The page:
July 30, 2014 By Michael Florio
Call it Phase Two in the effort to cleanup Long Island City’s streets.
Councilman Jimmy Van Bramer announced Tuesday that he has doubled the budget to clean the sidewalks of Long Island City.
Last year, the councilman started the program in Long Island City by allocating $35,000 to The Doe Fund, a non-profit group that hires former inmates and homeless people to sweep streets, pick up litter and empty trash.
The workers were in charge of maintaining Vernon Blvd (between 50th and 45th Avenues) and 11th Street (between 50th and 45th Avenues)—as well as some sections of Jackson Avenue.
“The program was enormously successful,” Van Bramer said, adding that it just made sense to build on it.
This week the Doe Fund started covering a number of additional streets—as the Long Island City program now has a budget of about $70,000. The new streets are Jackson Ave (between Vernon Blvd and 45th Avenue); 11th Street (increasing coverage to go to 44th Drive); the side streets between Vernon Blvd and 11th Street (from 45th to 50th Avenues); and 5th Street, from Borden Avenue through 46th Avenue.
The expanded area will receive service on Mondays, Wednesdays and Fridays, while those locations that were established last year will continue to receive five-day service.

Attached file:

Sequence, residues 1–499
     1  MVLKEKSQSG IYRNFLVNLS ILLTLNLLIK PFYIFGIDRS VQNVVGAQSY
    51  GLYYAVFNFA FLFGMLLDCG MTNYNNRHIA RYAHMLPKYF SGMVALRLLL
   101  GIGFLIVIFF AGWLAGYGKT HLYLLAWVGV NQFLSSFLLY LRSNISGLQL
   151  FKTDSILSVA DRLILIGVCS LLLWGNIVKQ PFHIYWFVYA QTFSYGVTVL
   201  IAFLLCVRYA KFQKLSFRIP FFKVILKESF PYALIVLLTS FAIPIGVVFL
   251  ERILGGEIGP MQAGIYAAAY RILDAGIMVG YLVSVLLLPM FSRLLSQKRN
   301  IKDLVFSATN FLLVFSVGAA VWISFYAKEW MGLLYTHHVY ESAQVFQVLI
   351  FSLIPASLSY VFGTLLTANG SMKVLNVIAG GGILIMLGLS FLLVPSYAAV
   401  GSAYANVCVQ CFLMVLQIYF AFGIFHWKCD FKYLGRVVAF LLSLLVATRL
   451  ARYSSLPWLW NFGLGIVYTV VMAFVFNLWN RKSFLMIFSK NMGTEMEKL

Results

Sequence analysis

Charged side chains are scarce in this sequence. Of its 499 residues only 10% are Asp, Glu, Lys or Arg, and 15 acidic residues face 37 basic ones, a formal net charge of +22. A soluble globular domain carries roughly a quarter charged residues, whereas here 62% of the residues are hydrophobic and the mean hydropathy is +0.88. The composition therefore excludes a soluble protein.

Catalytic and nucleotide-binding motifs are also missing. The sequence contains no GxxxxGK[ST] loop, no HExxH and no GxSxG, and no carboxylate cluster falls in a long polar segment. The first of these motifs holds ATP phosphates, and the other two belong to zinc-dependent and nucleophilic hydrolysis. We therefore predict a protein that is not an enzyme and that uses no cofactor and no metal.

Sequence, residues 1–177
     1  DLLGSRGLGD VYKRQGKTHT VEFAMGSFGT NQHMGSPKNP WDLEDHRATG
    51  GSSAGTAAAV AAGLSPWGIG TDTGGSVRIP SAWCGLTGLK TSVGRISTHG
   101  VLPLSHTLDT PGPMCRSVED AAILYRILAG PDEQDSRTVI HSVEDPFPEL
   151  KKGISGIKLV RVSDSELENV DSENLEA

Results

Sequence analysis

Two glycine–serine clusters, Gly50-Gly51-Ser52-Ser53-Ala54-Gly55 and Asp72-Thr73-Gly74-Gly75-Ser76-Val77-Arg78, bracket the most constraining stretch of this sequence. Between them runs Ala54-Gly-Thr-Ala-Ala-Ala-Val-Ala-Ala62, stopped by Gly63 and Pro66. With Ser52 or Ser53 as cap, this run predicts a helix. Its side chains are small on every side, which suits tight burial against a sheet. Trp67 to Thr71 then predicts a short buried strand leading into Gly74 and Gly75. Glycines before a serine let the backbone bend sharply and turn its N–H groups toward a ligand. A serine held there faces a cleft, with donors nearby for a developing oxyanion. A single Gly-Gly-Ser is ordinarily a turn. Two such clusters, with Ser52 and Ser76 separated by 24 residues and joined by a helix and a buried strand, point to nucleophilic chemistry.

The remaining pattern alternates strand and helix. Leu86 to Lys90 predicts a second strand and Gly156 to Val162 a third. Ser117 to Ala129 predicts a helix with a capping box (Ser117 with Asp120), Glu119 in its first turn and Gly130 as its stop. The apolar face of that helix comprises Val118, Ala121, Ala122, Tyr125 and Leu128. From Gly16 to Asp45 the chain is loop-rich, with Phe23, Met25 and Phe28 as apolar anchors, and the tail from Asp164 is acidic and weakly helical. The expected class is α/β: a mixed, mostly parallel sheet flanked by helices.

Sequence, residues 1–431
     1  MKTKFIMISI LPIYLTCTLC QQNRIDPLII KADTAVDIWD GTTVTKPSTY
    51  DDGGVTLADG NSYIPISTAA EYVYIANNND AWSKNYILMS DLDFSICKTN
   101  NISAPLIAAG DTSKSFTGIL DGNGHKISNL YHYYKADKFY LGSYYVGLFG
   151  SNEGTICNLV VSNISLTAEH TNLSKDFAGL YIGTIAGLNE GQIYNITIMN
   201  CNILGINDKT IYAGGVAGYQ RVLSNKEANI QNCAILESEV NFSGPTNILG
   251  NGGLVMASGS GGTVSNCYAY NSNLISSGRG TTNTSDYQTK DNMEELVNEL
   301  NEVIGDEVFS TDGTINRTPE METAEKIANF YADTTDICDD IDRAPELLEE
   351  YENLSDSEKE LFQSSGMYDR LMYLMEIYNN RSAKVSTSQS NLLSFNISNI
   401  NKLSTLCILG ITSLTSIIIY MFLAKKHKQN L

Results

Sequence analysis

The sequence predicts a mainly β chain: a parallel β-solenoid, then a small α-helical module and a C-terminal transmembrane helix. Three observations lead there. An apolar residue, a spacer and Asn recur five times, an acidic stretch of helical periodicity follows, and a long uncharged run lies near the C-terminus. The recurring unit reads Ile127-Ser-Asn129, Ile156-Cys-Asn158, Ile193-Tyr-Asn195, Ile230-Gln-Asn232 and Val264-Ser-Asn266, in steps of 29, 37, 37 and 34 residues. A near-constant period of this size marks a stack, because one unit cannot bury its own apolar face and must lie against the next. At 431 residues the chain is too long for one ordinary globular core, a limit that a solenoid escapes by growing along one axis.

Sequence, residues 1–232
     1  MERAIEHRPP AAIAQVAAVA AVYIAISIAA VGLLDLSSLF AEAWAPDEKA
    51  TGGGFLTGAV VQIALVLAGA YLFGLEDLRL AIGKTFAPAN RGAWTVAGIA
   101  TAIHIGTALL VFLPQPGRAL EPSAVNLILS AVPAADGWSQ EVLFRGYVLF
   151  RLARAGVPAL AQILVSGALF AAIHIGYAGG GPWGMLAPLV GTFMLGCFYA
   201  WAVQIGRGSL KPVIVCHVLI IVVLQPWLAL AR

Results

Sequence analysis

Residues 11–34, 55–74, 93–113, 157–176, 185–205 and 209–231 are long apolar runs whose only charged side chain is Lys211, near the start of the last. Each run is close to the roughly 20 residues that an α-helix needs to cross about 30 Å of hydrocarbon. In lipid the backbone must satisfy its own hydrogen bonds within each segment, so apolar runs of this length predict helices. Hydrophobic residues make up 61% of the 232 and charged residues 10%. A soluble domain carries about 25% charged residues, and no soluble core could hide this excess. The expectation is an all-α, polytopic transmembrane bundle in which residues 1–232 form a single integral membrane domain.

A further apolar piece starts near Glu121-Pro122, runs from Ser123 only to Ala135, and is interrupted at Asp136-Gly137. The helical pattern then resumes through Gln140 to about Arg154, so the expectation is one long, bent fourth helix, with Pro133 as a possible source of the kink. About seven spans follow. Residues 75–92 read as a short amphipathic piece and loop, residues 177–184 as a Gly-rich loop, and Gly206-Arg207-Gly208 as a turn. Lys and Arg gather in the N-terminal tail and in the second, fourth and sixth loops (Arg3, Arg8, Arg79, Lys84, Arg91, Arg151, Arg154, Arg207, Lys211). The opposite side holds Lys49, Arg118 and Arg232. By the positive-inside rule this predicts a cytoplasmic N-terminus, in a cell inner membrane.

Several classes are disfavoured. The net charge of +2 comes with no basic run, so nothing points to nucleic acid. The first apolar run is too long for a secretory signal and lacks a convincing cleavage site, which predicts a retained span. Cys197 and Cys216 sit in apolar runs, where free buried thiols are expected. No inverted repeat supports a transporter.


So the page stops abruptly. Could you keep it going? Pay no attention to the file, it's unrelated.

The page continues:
“This will dramatically improve the program here in Long Island City,” Van Bramer said.
Van Bramer said the workers will also clean beneath the Pulaski Bridge on 50th Avenue, an area that many residents pass by in order to catch the No. 7 train. He said that the area was in desperate need of a cleaning.
“This area has been incredibly dirty,” Van Bramer said, adding that it is plagued by pigeon droppings and trash. “It’s been hard to get the various agencies to focus on it,” he said.
The DOE Fund is also coming to Dutch Kills this year, although the coverage area has still to be determined.
Van Bramer introduced The Doe Fund to the 26th Council District in Woodside two years ago. He then expanded it into Long Island City last year. All told his office will be spending $133,000 on the Woodside, Hunters Point and Dutch Kills programs this year.
I agree with Rich, there are two new residential buildings in that area but walking around it is disguisting, not to mentioned the students that are constanly smoking pot hiding between the boarded sites. I don’t even see police action. And the worst part is that the area under the bridge extension is the dirtiest which belongs to the city. I can rent an apartment here but I wouldn’t want to buy one in such a dirty area.
What about the area just south of Queensboro plaza between there and court sq there’s a ton of litter and cr*p. The area is busy being regenerated yet the streets look like a dumping especially around crescent St and 42/43 rd … Improved slightly by the closing of a scrap metal place which used to spew out mess all over the street
Why isn’t Vernon Blvd. between 50th Avenue and Borden Avenue going to be cleaned? It’s fill with litter.